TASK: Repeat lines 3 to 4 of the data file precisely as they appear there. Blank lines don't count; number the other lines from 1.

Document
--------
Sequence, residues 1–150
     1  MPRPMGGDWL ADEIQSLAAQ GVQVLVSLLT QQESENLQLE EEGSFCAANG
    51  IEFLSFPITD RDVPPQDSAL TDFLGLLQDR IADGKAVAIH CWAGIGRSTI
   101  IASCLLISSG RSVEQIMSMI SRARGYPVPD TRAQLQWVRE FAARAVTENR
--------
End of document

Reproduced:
    51  IEFLSFPITD RDVPPQDSAL TDFLGLLQDR IADGKAVAIH CWAGIGRSTI
   101  IASCLLISSG RSVEQIMSMI SRARGYPVPD TRAQLQWVRE FAARAVTENR